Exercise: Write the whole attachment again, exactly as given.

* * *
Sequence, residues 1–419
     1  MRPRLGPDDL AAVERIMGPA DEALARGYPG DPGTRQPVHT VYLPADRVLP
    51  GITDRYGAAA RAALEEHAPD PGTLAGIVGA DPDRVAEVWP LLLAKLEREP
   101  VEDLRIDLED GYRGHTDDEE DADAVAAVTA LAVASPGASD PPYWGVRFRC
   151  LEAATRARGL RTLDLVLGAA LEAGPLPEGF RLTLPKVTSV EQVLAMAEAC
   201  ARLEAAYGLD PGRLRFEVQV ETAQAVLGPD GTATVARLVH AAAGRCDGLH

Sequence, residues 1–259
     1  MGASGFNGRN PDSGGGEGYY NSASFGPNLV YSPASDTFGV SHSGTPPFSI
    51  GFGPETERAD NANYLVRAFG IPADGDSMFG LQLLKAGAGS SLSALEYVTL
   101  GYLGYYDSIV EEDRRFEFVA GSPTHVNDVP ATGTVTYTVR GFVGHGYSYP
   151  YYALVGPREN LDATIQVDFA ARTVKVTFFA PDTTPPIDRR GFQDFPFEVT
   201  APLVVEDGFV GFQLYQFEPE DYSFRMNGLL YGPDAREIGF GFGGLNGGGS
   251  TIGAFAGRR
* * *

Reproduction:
Sequence, residues 1–419
     1  MRPRLGPDDL AAVERIMGPA DEALARGYPG DPGTRQPVHT VYLPADRVLP
    51  GITDRYGAAA RAALEEHAPD PGTLAGIVGA DPDRVAEVWP LLLAKLEREP
   101  VEDLRIDLED GYRGHTDDEE DADAVAAVTA LAVASPGASD PPYWGVRFRC
   151  LEAATRARGL RTLDLVLGAA LEAGPLPEGF RLTLPKVTSV EQVLAMAEAC
   201  ARLEAAYGLD PGRLRFEVQV ETAQAVLGPD GTATVARLVH AAAGRCDGLH

Sequence, residues 1–259
     1  MGASGFNGRN PDSGGGEGYY NSASFGPNLV YSPASDTFGV SHSGTPPFSI
    51  GFGPETERAD NANYLVRAFG IPADGDSMFG LQLLKAGAGS SLSALEYVTL
   101  GYLGYYDSIV EEDRRFEFVA GSPTHVNDVP ATGTVTYTVR GFVGHGYSYP
   151  YYALVGPREN LDATIQVDFA ARTVKVTFFA PDTTPPIDRR GFQDFPFEVT
   201  APLVVEDGFV GFQLYQFEPE DYSFRMNGLL YGPDAREIGF GFGGLNGGGS
   251  TIGAFAGRR